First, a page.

Each of the required two responses to your classmates (or instructor) must be a minimum of “200 words” in length.

4. Discuss the extent of security’s growth in this country. What are some of the reasons for the professionalization of the field of private security?

The growth of security in the US has come about for many reasons.  The one main idea that can culminate all the arguments in the text is “necessity”. I say that because it was. Whether it was out of a need reduce stolen goods where the cost of the stolen goods outweighs the cost of the protection or for legal reasons.  It’s all about the bottom line for a company. Companies are in the business of making money in some form or fashion.  Not all are profit makers but all must make enough to break even or there is no reason to be in business.  That being said, security has grown for the need to not only protect the physical property, but also the proprietary property.  As long as the costs of security are less than the cost of losing that property it will continue to grow. At any time the costs do not provide a benefit, the company must reevaluate their security policy.  The other part of this besides the necessity is just being proactive to protect intellectual property.  That’s because intellectual property is worth millions to certain companies. So protecting these things is definitely worth spending the money.  A prime example from the news on what seems a daily basis is the Chinese hacking US companies, trying to gain there intellectual property.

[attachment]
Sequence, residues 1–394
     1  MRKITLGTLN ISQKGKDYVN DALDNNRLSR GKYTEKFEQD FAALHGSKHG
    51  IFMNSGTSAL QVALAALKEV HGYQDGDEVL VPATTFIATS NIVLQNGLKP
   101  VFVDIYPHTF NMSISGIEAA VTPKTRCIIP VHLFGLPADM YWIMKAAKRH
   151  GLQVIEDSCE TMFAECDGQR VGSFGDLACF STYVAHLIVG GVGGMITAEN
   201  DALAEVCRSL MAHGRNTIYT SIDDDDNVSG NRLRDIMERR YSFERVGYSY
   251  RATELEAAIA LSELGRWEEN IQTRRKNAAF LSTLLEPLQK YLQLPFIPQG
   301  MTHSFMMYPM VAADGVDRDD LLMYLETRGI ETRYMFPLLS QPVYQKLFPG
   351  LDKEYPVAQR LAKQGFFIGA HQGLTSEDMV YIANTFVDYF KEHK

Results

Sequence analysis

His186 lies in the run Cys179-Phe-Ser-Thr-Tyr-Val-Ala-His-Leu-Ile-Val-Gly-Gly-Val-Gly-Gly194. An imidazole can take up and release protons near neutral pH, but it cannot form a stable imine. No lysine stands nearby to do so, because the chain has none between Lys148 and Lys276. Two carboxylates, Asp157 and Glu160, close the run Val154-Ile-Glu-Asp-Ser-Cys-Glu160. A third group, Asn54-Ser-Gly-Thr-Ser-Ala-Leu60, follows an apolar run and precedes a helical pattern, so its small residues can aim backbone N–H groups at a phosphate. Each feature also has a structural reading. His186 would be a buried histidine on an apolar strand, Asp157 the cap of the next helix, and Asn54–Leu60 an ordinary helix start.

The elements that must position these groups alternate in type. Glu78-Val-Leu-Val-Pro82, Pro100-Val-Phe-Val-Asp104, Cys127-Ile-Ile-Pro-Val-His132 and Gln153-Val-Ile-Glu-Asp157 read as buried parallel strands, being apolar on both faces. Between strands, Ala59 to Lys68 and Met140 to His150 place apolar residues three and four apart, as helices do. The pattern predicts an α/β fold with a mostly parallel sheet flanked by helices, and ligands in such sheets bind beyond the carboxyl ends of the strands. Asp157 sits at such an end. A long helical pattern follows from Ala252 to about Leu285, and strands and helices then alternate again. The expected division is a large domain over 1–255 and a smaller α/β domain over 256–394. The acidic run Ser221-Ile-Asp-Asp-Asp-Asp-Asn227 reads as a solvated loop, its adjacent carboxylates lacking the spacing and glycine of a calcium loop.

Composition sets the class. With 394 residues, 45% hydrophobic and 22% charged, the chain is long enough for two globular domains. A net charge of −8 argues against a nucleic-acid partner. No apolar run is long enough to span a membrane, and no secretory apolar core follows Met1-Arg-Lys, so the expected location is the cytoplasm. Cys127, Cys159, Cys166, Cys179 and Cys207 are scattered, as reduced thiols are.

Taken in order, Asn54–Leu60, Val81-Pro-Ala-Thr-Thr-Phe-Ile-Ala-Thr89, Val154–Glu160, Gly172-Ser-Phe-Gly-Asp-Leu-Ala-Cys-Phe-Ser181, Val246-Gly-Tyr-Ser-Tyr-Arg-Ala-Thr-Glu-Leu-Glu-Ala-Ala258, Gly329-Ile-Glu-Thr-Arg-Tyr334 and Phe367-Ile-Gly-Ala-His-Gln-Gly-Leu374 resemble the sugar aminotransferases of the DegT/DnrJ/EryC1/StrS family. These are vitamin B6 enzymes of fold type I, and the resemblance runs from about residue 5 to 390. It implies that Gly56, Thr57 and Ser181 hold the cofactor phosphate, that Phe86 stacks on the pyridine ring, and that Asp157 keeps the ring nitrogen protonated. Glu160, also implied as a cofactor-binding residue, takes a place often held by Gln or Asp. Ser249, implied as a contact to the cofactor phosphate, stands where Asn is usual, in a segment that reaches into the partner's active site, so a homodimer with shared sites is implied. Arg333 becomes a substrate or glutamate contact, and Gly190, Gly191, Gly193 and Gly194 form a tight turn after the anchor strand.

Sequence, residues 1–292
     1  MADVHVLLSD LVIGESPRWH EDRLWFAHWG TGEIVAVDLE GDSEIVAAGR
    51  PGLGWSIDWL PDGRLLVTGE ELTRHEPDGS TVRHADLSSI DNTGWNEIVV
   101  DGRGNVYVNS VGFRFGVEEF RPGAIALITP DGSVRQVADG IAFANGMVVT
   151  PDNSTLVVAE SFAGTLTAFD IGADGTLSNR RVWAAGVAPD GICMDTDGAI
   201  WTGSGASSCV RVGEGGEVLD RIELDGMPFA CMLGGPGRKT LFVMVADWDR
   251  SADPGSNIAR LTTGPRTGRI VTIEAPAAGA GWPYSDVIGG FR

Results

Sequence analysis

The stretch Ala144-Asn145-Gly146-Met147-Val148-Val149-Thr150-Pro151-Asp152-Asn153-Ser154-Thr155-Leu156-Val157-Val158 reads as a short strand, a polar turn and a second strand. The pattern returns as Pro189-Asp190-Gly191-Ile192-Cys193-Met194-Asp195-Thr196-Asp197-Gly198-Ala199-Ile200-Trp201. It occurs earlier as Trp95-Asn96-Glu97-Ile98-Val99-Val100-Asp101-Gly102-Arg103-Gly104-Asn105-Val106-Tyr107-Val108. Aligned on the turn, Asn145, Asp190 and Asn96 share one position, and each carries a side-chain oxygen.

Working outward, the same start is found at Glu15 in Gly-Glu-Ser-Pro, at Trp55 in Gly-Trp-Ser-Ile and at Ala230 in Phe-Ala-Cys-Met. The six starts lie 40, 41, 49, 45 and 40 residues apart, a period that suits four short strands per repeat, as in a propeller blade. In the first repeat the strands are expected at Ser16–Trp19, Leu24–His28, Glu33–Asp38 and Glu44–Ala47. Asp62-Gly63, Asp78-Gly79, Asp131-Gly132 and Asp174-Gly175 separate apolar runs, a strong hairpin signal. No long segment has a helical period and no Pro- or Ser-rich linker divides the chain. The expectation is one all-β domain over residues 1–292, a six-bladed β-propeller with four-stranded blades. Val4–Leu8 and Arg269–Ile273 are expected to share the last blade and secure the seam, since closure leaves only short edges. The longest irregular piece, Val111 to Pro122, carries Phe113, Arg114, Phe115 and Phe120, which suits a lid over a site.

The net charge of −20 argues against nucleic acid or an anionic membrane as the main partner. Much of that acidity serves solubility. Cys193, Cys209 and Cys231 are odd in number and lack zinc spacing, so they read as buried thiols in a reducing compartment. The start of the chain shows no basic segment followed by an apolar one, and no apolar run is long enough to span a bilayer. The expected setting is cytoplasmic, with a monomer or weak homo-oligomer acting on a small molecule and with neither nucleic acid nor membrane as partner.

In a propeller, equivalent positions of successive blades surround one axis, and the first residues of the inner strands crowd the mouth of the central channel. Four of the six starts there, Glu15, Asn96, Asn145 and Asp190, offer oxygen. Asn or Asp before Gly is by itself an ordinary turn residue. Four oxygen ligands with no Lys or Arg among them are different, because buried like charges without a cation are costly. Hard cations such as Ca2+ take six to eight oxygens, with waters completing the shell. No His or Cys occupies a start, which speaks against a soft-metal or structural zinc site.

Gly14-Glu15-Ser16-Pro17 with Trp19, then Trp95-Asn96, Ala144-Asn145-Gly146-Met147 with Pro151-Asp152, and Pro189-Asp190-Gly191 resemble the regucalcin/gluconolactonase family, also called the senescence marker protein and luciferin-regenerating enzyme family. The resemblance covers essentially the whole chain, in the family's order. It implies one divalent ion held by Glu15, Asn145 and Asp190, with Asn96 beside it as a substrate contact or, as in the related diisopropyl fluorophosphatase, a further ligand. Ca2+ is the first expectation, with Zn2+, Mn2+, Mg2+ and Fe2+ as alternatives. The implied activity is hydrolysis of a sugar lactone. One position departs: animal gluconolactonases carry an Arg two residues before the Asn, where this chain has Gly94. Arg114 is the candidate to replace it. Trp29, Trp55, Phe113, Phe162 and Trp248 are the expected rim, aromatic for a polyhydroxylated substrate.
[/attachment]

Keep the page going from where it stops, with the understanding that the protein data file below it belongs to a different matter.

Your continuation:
2. What are the differences between proprietary and contractual security services?

The main difference is whether they are or directly work for the company or they are another firm contracted to provide the security.  Many think that contracting out is a great way to save money on overhead and they would be correct. However, from personnel experience in dealing with contract personnel, it’s hard to discipline or enforce changes after contracts have been signed.  In other words they do not have a lot of “direct” flexibility for change.  If they are proprietary, they can adapt easier but the cost of each person is much higher.  You also tend to get better quality personnel with proprietary compared to the usually high turnover ratio with contract personnel. This is not to say that contract services are as costly but overall they are.  The one exception to all of this if you have been around government contracts, the government requires contractors to provide certain benefits to each worker, but instead of the company picking up the cost, its billed to the government for payment.

3. How important is a college education in obtaining a position as a security manager?